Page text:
Editor’s Note: In this guest post, public history doctoral student Lisa Withers reflects on her work with the North Carolina Green Book Project, an effort to document Green Book sites across the state.
“[Did I have] a copy of the Green Book? Yes, of course I did. You couldn’t leave home without it. Wasn’t any way I was going to ride up and down America without a copy of the Green Book. The Green Book told me which hotels would be available to me, and that’s where I stayed at.”
— Dr. Dudley Flood, Raleigh community member
Jim Crow laws and the social customs that were used to facilitate racial segregation in the late 19th and 20th centuries varied across the southern United States.
In the North, Midwest and West regions, African Americans faced the dangers of sundown towns, locations where African Americans were not allowed after dark. One wrong move in an unfamiliar place anywhere in the U.S. could lead to embarrassment or even put an African American traveler’s life in danger.
Victor Green, a Harlem postal worker, began publishing The Negro Motorist Green Book in 1936 to assist African American travelers navigating across America. As stated by Dr. Dudley Flood in the quote above, the travel guide assisted African American motorists by listing places where a person could safely get gas, food, lodgings or other accommodations.
During its 30 years of publication, the Green Book included 326 different businesses in North Carolina. The majority of businesses were located in the state’s more populated urban centers: Charlotte had 53 locations, Wilmington had 50, and Raleigh had 38. While a portion of Green Book sites were also located in the state’s rural areas, not every county was represented in the travel guide.
The NC Green Book Project aims to document the hundreds of locations listed in the Green Book across the state. The project team, which I’m happy to serve on, is verifying how many physical structures have been demolished or are still standing; gathering archival images; and taking modern-day photographs of Green Book locations.
We’re also collecting community stories about Green Book sites and the experiences of African American travelers such as Dr. Flood throughout the state. This information will be available through a web portal, two identical traveling exhibits, and a series of public programs starting in March 2020.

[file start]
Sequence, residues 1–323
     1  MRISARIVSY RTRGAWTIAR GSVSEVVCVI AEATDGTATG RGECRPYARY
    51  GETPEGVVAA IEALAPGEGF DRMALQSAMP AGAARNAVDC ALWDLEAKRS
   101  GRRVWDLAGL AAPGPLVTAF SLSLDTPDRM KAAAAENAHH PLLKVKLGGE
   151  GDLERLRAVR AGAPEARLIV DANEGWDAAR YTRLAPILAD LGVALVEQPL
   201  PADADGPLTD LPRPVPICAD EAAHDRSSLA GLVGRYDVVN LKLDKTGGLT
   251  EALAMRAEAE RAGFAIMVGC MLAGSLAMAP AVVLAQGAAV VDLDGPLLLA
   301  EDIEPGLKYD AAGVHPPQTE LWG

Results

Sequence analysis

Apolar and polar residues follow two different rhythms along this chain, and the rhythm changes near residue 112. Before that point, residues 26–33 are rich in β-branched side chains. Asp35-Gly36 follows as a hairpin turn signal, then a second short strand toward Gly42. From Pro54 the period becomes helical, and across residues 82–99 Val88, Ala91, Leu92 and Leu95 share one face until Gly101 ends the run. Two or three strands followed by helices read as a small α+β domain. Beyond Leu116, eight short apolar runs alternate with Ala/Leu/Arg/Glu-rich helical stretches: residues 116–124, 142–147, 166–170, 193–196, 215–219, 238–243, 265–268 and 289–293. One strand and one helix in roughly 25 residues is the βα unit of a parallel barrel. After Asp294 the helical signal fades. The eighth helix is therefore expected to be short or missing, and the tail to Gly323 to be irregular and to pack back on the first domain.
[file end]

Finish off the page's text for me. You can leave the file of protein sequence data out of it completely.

I serve as the research historian for the NC Green Book Project, which complements my doctoral studies in history at NC State and provides an opportunity to combine community participation and archival research. Working in partnership with local residents to document the memories of North Carolina Green Book sites and affiliated individuals further opens the door to understanding how travel guides are records of African American histories.
One Traveler's StoryTranscript
In working together, this project presents opportunities for preservation within African American communities, both for the remaining physical structures and community members’ remembrances and narratives of the nation’s past.
The NC Green Book Project is an endeavor of the North Carolina African American Heritage Commission, a division of the North Carolina Department of Natural and Cultural Resources, with funding from the Institute of Museum and Library Services.
Help Tell the Story
The NC Green Book Project team is looking for community members to share their experiences, photos and artifacts related to North Carolina Green Book sites and/or travel during the Jim Crow era.
Photo Caption: The top image features a copy of the 1959 edition of the Green Book, currently on loan to the NC Green Book Project. The book is on display in the lobby of the North Carolina Museum of History and will be included in one of the project’s two traveling exhibits. Photo credit: Linda Fox/North Carolina Department of Natural and Cultural Resources.